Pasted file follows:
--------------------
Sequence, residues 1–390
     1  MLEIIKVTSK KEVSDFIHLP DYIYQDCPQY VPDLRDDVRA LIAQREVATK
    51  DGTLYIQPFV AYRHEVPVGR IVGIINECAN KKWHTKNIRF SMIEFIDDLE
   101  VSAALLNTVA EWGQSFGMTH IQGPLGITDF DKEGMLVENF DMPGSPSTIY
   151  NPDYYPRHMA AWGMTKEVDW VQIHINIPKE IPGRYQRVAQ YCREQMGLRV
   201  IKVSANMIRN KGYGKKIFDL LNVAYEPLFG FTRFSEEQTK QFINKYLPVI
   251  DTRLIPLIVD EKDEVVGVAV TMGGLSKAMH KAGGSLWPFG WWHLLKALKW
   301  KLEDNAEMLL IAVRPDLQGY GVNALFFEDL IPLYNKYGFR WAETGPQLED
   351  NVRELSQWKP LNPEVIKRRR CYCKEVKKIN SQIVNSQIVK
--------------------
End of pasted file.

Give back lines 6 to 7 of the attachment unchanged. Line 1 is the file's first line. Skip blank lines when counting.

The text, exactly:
   201  IKVSANMIRN KGYGKKIFDL LNVAYEPLFG FTRFSEEQTK QFINKYLPVI
   251  DTRLIPLIVD EKDEVVGVAV TMGGLSKAMH KAGGSLWPFG WWHLLKALKW